I suppose I might never have heard of the Trail of Tears were it not for picking up a book of fiction that is set during that time and place 183 years ago. It is a shocking story of the forced removal of Native Americans from their lands during the Jackson administration which resulted in the death of thousands of native people. Among the many tribes that removed were: the Cherokee, Shawnee, Chickasdaw, Creek, Seminole, and Yuchi.
The Cherokee tell the story of the removal and commemorate the tenacious spirit and resistance to oppression by their ancestors. Perhaps one of the best examples of commemoration east of the Mississippi can be found just off the Natchez Trace near Florence, Alabama. Mr. Tom Hendrix, the great-great grandson of a tenacious Yuchi resister, Te-lah-nay, honored her tenacity and resistance by building a walled path that is called "Wichahpi."
Te-lah-nay was a young teenager when she was rounded up – along with the rest of her people – in the Muscle Shoals area by the U.S. Army and eventually forced to walk to the place now called Talequah in Oklahoma. She didn't like it and determined to go back home. The elders told her what dangers she might face and how to avoid and survive them. When she was ready she began the long trek back to her homeland. It took her two years, but she made it and was able to continue her life in peace.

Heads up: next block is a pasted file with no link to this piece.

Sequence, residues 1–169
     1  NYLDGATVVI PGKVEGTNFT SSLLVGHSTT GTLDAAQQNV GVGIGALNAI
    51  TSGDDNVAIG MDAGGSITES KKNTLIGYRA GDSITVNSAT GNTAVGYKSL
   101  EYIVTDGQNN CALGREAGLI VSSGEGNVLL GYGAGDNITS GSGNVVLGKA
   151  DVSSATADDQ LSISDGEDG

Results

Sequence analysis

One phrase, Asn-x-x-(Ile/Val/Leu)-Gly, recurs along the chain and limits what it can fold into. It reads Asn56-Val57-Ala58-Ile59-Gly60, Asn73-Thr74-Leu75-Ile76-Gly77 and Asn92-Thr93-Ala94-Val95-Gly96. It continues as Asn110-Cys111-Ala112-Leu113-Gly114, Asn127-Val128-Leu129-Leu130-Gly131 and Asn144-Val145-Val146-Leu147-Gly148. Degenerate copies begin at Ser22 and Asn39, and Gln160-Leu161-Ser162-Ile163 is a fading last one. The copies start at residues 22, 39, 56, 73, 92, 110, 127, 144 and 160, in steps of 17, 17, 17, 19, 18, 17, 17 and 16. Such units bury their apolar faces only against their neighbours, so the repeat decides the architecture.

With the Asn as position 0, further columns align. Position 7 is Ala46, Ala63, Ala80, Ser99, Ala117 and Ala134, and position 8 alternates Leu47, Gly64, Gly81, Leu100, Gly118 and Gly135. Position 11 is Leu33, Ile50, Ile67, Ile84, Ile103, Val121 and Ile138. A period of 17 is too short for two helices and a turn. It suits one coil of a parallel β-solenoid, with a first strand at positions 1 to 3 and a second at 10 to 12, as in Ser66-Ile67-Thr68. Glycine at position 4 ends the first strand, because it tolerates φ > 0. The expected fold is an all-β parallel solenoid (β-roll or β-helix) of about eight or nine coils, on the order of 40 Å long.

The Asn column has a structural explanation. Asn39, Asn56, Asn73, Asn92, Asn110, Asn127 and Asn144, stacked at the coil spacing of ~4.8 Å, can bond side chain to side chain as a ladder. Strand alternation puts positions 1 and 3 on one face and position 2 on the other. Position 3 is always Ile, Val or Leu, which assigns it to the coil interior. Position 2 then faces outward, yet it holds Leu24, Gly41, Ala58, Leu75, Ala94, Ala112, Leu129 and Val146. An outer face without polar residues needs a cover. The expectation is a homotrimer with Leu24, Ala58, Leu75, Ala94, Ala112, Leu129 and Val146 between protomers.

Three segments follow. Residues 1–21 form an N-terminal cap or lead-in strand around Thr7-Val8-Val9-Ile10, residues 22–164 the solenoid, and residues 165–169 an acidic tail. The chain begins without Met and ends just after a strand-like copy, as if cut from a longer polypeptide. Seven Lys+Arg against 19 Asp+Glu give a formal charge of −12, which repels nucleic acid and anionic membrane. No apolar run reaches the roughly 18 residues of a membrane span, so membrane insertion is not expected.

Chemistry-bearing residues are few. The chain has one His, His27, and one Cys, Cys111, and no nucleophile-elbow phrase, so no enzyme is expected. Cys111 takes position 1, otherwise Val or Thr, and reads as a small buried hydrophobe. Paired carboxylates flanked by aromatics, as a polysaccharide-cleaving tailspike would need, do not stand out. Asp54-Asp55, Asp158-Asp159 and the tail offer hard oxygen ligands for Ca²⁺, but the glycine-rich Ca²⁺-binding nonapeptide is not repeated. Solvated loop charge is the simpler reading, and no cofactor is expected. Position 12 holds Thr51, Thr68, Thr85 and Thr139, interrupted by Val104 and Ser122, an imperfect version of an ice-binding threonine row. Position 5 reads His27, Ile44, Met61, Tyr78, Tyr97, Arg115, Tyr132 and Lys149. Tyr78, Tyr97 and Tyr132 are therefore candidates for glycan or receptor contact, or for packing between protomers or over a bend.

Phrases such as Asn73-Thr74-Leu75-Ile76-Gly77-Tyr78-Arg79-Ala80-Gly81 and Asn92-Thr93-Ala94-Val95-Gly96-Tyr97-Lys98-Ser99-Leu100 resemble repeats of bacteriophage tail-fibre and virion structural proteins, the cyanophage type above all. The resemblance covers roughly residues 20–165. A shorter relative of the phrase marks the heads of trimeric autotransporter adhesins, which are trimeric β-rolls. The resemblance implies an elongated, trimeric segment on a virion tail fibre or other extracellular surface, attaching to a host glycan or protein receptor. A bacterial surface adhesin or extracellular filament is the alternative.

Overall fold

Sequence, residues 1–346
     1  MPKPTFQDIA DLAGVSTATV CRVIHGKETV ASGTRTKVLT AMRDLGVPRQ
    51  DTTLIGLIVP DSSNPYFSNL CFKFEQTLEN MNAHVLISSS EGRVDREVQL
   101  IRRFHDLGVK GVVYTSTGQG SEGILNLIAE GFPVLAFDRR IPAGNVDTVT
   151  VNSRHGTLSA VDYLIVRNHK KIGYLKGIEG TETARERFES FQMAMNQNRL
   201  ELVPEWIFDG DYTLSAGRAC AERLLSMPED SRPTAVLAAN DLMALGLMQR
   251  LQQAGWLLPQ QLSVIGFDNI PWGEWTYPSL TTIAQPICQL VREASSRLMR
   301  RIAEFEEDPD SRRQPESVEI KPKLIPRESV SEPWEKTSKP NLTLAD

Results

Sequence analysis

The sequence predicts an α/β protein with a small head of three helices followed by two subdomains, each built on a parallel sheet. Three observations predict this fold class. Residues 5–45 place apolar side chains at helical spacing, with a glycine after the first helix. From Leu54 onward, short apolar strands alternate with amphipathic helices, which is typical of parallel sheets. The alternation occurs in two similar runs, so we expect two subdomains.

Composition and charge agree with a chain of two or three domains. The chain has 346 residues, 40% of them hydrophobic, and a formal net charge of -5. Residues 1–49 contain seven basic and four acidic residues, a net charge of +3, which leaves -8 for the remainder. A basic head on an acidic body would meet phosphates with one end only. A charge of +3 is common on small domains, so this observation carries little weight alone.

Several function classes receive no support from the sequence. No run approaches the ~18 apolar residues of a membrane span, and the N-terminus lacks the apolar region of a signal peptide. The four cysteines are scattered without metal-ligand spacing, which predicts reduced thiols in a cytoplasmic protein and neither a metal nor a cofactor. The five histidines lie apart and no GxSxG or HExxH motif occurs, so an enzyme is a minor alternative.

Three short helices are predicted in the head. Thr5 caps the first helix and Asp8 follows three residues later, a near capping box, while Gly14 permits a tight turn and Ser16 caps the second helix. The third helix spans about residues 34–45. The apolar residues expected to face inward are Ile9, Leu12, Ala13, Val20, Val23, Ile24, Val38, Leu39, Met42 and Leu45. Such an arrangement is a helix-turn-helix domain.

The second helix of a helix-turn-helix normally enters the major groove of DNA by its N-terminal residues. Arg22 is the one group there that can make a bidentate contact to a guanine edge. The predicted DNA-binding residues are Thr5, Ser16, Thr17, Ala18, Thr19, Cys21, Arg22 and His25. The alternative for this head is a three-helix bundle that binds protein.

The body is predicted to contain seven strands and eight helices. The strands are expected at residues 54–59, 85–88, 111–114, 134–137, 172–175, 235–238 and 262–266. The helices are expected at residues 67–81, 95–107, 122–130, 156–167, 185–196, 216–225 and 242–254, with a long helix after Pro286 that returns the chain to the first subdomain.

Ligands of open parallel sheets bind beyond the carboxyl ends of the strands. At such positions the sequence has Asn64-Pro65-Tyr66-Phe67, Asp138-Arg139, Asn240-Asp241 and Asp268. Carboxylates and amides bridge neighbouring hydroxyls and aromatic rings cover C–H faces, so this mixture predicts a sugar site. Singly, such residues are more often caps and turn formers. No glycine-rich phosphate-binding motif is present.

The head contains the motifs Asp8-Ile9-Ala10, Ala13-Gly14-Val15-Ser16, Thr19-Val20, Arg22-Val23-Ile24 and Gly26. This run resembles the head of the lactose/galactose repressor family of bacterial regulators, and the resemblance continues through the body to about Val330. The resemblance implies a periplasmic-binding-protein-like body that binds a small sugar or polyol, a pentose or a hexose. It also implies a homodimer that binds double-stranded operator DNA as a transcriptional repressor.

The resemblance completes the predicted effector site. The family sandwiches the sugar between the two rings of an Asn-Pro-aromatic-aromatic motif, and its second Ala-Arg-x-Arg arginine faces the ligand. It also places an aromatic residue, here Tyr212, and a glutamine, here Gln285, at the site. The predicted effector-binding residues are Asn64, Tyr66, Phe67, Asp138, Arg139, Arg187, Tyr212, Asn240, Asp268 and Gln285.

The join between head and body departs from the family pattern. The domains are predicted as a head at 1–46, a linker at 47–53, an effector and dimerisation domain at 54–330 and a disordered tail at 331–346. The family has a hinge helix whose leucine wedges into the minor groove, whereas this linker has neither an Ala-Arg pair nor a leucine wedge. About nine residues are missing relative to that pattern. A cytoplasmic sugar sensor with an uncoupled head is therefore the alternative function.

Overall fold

People from all over the world have been inspired by her journey. Moved by her brave spirit, they go to the wall and add stones to it to honor her memory and the memory of all those who perished on the march. Often, Native Americans bring a traditional offering of corn or tobacco and tie cloth prayer strips to the tree branches.
A drive down the Natchez Trace to mile marker 338 affords a close-up view of the wall. If you go, don't forget to take a stone to add to the wall in memory of Te-la-nay. Learn more about the wall by visiting the webpage. For further exploration of the subject, a drive to Pulaski, Tennessee – through which both the Bell and Benge routes of the removal passed – will take you to the Trail of Tears Interpretive Center.
Children who wish to learn more will find resources published just for them in Nashville Public Library's catalog. Here are a few of the many titles in our collection for you and your children to explore.